Tuesday, February 13, 2018

Nigeria: Restructuring And The Herdsmen Question


By Adetokunbo Pearse
Reform in the fiscal and the security sectors can aid the effort to alleviate the growing tension between nomadic herdsmen and sedentary farmers which has captured national consciousness lately. Unfortunately these clashes are fast becoming a way of life in Nigeria
In 2017 alone deadly confrontation between roving herdsman and local communities were reported in every geopolitical zone except the north-west. Sometimes it is the herdsmen who get the worst of it as in the celebrated case in 2000 when then General Muhammadu Buhari led a delegation to governor Lam Adesina to protest the killing of dozens of Fulani herdsmen in Oyo State. At other times it is the local communities who suffer as in the most recent incident of January 1, 2018 with the massacre of some 70 citizens of Guma and Logo local government areas of Benue State by herdsmen or their agents.

Monday, February 12, 2018

Nigeria: A Betrayal Of Academic Trust


By Leo Igwe
A photo of the student from Modibbo Adama University of Technology, Yola who was accused of abusing Prophet Muhammad has been circulating on the social media. Apparently, fanatical elements have published this photo in order to eliminate this student, or rather to have him pay for his crime.
Some people have attributed the recent clashes between Muslim and Christian students at a university in Yola to the purported sacrilegious act of this student, that is, he abused Prophet Muhammad. For them, the abuse of Prophet Muhammad is a serious offence that warrants the annihilation of this individual and have the name placed on a death row, and literally turning him into a fugitive in his own country.

Benue Massacres: How Gov Ortom Got His Groove Back!


By Reno Omokri
I must say that I was rather disappointed in the Benue State Governor’s initial response to the killing of 73 residents of Benue State by killer Fulani herdsmen. I felt that it was wrong of him to have accepted President Buhari’s summons to go to the Aso Rock Presidential Villa with Benue elders only to be talked down at by the President who had no harsh words for his Fulani herdsmen kinsmen and who condescendingly told Gov Samuel Ortom and his elders to “accommodate your countrymen” (never mind that he, the President, once claimed that killer Fulani herdsmen are foreigners).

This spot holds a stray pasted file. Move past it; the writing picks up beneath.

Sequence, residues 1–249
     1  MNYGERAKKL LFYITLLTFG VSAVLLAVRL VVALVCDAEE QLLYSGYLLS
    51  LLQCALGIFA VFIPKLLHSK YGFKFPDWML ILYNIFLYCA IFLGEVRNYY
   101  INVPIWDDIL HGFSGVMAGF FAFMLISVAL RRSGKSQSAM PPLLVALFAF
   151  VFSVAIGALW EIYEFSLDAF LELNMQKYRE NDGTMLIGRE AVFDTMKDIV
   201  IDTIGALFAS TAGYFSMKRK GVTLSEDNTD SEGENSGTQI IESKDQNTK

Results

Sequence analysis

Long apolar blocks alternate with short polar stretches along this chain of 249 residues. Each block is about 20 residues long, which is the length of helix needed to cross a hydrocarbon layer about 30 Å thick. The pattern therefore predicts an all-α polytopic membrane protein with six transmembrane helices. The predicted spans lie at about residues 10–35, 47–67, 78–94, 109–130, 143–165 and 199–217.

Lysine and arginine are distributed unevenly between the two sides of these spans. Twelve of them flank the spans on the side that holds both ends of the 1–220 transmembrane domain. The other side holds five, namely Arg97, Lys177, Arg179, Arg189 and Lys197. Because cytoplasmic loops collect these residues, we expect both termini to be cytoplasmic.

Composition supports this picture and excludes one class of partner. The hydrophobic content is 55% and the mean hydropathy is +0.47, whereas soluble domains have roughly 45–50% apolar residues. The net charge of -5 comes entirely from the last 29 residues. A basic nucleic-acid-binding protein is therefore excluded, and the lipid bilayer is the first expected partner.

*Gov Wike of River State in Benue State to Commiserate with Gov Ortom on the Killings 

My disappointment with Ortom stemmed from the fact that he allowed himself be summoned by a President who did not have the common decency to first of all pay a condolence visit to the state where killers who share affinity with him had just killed his countrymen and women. 

Sunday, February 11, 2018

2018 – Trouble Settles In Nigeria


By Kole Omotoso
It started small, like all big things.
Little drops of water
Little grains of sand
Make the Gobi Desert
And the sea by the strand.



As part of his settlement Mr. Trouble married Miss Rachelle Palaver. Miss Palaver was a gentle woman and although she now became Mrs. Trouble she remained an oasis of peace and tranquility in the midst of Palaver and Trouble. She wrote her name as Mrs. Rachelle Palaver/Trouble. It was later corrected as Mrs. Rachelle Palaver-Trouble. But this is not the matter of this piece, but for later on. For now, it is 2018 and the coming federal elections of 2019. Not about them either but about what it caused to happen in the country – carpet crossing. 

Friday, February 9, 2018

Chinua Achebe's 'Things Fall Apart' @60: Inaugural Press Conference


This year marks the 60th anniversary of Professor Chinua Achebe's seminal novel, Things Fall Apart

Nigeria: Of False Narratives And Killer Herdsmen


By Ikechukwu Amaechi

It was Thomas Hobbes, the 17th century English philosopher, who in his seminal work Leviathan put a magnifying lens on “the natural condition of mankind.” All humans are by nature equal in faculties of body and mind, he argued, and therefore, “During the time men live without a common power to keep them all in awe, they are in that condition which is called warre … of every man against every man,” a natural condition he elucidated with the Latin phrase bellum omnium contra omnes (war of all against all).


“The life of man” in the state of nature, Hobbes famously wrote, is “solitary, poor, nasty, brutish, and short.”

In the state of nature, security was impossible for anyone, and the fear of death dominated every aspect of life. Being rational, man sought to reverse this nihilistic status quo. Therefore, since in the state of nature “all men have a natural right to all things,” to assure peace, men must give up their right to some things, and Hobbes asserted that an individual’s transfer of some of his rights to another is offset by certain gains for himself.

Thursday, February 8, 2018

IGP Ibrahim Idris, The Conqueror Of Benue

By Paul Onomuakpokpo
It is not garlands from the citizens for a successful prosecution of an agenda to fight crime that Inspector General of Police Ibrahim Idris hankers after. There is a bigger prize he is ready to give up anything for, including his professional credibility – to be in the eternal annals of the herdsmen’s war of 2017 and 2018 as the conqueror of Benue.
*President Buhari and IGP Idris
Benue might just be the ultimate trophy for Idris. He might have considered victory in other parts of the country, including southern Kaduna, the south-east, south-south and south-west less stellar. In the south-west, for instance, a prominent son of the region, a former minister and secretary to the government of the federation, Olu Falae, has been subjected to traumatic experiences ranging from kidnapping to the burning of his farm by Fulani herdsmen.